“The Quarantined Factory”

Written By: Ninad Varshney & Soham Damle

In March 2020, many started to realize the reality of the situation: the COVID-19 virus would have a heavy presence in the East but would soon claw its way to the West. According to charts from the Centers for Disease Control and Prevention (CDC), within a mere three weeks, the U.S. had seen this novel virus create upwards of around 5,000 cases. One of the first states to take action in response to this surge of cases was New Jersey. By March 21st, New Jersey Governor Phil Murphy had declared a state of emergency and issued a strict stay-at-home order.

While fear of the virus drove many to stay home, others could not bear to see their fellow peers go down. One such individual was Ganesh Ramakrishnan. Ganeshji, your average New Jersey resident, works for a mid-size solution firm and has two kids. He and his family volunteer for two organizations called Hindu Swayamsevak Sangh (HSS) and Sewa International. 

Both of these non-profit organizations have done tremendous work for the community before; however, they continue to help society even as this pandemic rages. We were fortunate enough to interview Ganeshji and talk about his efforts regarding the distribution of Personal Protection Equipment (PPE). In the interview, we were able to talk about how HSS and Sewa International were able to form a team called the “First Responders.” With strict social distancing guidelines in mind, this team would take in requests for various tasks like Senior Citizens’ assistance, medical aid, and weekly grocery needs. 

However, according to Ganeshji, the first critical need this team saw to help the community was with the distribution of masks. Since the pandemic had reached all corners of the world and created a global deficit of masks, many hospitals, and other public health organizations had a shortage of this essential safety equipment. Recognizing the urgency and importance of the problem at hand, HSS and Sewa International launched an initiative that would distribute masks to places of demand. 

In order to carry out this immense task, Ganeshji and many other volunteers formed different teams to better divide the workload of this initiative. This work was headed by a “sourcing team, ” which mapped out PPE’s demand throughout the Tri-State area. Using this plan, the “sourcing team” was able to inform the “mask-making team” of how many masks needed to be produced. They then created a short informational video regarding the guidelines that must be followed in order to create safe, effective, and regulation-friendly masks. 

In accordance with the word of the “sourcing team,” the “mask-making team” began their laborious yet assiduous work of making homemade masks. This team had all but two prerequisites, the possession of a sewing machine, and the viewing of the aforementioned video. As a result, benevolent and charitable volunteers, including plenty of senior citizens, throughout the entire state of New Jersey assembled — from the comfort of their home — in massive numbers to execute this mask-making mission. Though the masks were not made by experts, this team strived to make the masks meet the same quality and design as those recommended by the federal government, such as the professional-grade K-95 and N-95 masks. According to the CDC, “These [The K-95 and N-95] specialized masks filter out at least 95% of tiny (0.3 microns) particles.” To meet such high standards, the masks included a small pocket in which air-filters were to be inserted to ensure maximum protection from the virus.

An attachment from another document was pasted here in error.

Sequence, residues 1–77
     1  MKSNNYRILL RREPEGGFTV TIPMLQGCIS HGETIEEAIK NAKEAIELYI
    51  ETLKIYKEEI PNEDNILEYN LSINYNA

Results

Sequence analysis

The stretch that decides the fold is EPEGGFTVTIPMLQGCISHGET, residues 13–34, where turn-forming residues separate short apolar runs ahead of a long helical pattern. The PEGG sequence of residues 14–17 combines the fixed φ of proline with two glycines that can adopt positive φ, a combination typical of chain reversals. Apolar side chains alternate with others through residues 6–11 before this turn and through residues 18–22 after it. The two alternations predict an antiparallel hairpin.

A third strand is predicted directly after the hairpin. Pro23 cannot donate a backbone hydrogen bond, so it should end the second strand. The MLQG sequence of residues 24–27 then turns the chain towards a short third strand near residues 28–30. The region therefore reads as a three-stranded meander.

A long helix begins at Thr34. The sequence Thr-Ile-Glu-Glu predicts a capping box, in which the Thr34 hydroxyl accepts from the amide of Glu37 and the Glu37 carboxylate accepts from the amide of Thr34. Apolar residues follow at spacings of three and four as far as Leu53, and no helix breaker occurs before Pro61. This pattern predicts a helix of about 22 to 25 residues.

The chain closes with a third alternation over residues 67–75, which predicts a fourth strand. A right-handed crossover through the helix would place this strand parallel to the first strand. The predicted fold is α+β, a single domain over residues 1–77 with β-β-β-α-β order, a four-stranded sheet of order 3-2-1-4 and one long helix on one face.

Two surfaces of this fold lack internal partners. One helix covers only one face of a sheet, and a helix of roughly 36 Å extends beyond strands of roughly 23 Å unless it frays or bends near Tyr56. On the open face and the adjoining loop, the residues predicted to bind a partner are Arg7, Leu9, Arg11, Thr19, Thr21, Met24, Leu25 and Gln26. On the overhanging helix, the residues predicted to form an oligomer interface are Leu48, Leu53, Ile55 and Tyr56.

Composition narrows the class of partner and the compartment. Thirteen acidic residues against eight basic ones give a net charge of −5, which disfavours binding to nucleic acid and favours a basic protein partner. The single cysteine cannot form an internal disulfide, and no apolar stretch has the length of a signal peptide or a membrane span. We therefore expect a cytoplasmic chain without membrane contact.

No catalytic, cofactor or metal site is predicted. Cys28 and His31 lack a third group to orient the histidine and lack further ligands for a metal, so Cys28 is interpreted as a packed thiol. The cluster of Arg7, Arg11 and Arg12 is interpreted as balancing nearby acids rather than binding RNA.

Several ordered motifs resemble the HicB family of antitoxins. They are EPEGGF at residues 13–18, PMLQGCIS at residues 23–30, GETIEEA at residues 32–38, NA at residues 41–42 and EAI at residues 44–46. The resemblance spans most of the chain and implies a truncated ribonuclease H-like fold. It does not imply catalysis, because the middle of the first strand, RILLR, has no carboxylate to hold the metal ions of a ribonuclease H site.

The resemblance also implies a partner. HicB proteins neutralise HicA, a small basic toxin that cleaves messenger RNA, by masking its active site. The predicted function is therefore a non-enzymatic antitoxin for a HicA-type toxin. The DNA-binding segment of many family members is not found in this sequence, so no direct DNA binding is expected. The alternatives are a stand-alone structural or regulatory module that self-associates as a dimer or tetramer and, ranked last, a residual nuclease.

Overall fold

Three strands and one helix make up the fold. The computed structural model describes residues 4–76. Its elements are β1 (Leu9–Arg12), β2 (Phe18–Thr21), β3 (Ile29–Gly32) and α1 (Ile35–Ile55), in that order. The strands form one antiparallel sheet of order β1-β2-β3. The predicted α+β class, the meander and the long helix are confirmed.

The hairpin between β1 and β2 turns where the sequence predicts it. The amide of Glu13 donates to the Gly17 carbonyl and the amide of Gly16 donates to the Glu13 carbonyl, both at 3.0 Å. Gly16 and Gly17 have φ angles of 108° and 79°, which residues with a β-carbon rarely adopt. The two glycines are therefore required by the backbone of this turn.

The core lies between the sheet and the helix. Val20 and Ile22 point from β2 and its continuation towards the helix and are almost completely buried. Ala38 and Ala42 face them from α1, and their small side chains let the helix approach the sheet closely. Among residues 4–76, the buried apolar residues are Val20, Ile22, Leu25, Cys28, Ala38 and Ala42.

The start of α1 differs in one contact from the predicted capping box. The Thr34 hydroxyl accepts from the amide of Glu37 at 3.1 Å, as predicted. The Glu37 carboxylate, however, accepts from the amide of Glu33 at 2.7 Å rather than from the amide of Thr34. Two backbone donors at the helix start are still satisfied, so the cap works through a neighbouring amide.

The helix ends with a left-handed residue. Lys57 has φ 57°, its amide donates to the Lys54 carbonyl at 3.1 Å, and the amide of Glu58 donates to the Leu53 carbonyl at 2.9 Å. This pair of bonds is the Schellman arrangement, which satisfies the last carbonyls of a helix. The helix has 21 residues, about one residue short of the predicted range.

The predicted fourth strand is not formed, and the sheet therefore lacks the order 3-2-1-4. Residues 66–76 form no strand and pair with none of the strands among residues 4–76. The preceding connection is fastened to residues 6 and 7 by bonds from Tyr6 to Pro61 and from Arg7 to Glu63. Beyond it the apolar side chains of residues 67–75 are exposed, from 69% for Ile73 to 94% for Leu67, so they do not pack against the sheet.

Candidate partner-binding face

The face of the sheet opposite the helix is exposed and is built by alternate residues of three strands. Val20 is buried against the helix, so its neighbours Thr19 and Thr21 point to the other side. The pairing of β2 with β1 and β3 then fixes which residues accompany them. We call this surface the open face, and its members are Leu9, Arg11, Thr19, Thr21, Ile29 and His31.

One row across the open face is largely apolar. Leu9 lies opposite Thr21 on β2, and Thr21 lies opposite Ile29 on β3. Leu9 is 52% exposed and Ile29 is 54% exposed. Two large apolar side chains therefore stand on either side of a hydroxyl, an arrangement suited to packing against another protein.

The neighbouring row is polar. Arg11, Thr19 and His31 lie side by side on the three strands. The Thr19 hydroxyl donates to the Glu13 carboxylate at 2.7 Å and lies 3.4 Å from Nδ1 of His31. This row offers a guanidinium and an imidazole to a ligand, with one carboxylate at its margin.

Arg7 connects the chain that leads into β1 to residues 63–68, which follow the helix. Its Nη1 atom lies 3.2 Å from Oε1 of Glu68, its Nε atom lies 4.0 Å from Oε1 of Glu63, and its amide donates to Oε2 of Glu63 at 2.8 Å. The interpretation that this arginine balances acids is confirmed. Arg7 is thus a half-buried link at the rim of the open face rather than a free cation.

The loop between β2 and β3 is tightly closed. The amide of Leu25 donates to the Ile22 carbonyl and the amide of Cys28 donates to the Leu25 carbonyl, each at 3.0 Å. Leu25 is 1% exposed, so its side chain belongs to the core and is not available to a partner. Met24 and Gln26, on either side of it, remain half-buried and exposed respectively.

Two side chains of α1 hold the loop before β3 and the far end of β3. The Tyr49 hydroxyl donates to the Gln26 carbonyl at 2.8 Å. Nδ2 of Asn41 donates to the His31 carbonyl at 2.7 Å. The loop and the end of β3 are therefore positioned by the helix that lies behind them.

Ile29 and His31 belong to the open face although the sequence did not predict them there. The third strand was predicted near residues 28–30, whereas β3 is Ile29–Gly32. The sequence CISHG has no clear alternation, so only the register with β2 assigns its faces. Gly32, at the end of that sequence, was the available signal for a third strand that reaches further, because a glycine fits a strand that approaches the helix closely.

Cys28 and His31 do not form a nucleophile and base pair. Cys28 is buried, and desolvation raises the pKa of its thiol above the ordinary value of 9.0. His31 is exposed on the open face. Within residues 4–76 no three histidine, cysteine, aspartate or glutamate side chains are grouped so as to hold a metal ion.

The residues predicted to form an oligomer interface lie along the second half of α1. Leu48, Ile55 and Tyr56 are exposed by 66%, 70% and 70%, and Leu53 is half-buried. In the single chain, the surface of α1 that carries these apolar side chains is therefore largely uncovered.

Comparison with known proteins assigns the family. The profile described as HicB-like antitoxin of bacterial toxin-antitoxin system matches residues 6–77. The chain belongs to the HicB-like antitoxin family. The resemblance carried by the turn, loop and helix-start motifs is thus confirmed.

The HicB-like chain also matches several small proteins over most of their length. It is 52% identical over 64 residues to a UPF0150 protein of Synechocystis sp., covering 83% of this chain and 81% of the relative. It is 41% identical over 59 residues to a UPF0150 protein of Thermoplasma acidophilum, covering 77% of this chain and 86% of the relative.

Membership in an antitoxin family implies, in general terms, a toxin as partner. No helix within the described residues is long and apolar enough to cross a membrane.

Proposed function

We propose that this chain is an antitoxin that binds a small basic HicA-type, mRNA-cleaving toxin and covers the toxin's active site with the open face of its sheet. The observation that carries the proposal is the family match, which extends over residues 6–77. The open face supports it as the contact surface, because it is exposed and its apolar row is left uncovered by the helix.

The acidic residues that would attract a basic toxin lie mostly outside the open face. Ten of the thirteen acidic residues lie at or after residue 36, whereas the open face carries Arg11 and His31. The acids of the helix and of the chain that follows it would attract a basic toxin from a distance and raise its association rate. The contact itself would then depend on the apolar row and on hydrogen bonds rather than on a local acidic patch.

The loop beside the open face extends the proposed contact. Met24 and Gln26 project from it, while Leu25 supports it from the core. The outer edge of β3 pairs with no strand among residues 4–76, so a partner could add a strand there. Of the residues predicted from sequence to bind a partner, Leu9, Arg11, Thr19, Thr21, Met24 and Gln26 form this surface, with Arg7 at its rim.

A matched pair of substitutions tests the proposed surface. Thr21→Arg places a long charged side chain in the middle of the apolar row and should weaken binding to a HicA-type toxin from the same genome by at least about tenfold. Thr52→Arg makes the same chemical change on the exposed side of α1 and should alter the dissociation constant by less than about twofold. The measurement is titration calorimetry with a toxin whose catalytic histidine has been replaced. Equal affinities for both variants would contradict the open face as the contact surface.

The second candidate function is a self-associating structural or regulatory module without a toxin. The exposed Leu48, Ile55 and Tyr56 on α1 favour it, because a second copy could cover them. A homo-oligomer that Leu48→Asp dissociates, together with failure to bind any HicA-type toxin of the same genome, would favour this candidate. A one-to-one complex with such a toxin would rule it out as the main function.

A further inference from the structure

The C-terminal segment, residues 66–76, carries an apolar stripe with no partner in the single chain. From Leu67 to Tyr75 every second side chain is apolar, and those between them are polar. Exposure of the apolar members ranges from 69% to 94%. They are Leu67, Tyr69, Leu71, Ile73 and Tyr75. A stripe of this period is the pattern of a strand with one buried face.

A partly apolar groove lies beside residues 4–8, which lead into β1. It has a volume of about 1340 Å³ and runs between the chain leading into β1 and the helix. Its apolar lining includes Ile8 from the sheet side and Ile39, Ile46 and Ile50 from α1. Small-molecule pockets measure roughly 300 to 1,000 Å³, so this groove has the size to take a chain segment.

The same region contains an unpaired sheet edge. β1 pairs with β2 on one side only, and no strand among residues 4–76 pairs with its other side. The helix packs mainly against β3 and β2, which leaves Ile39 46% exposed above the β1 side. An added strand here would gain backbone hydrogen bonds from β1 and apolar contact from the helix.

After the gears of this “quarantined factory” started churning, the masks were distributed to hospitals and police stations by a “delivery team.” This team, which Ganeshji was fortunate to be a part of, had a simple yet crucial role in this mission: pick up the homemade masks that were being produced and deliver them to the places in need. This team visited over 17 hospitals in New Jersey and over 50 other hospitals in the entire Tri-State area. 

In New Jersey itself, this collective effort, between HSS and Sewa International, was able to create around 10,000 handmade masks, which were successfully delivered to those working on the front lines and in hospitals. Once the pandemic started to settle in, these two organizations were able to buy 40,000 masks and 90,000 gloves, which were all donated to various hospitals in the Tri-State area. However, this entire initiative would have gone to waste without the help of the brave volunteers, such as Ganeshji, who were willing to expose themselves to the potential threats of this deadly virus. 

In Ganeshji’s words, he describes this experience as, “… a very humbling and collective experience. Seeing the front lines working so hard is amazing.” He is happy to help and hopes others do more as well. To see more of these tremendous efforts, please feel free to visit sewa4community.org.

Works Cited

Cases in the U.S. (n.d.). Retrieved August 07, 2020, from https://www.cdc.gov/coronavirus/2019-ncov/cases-updates/cases-in-us.html

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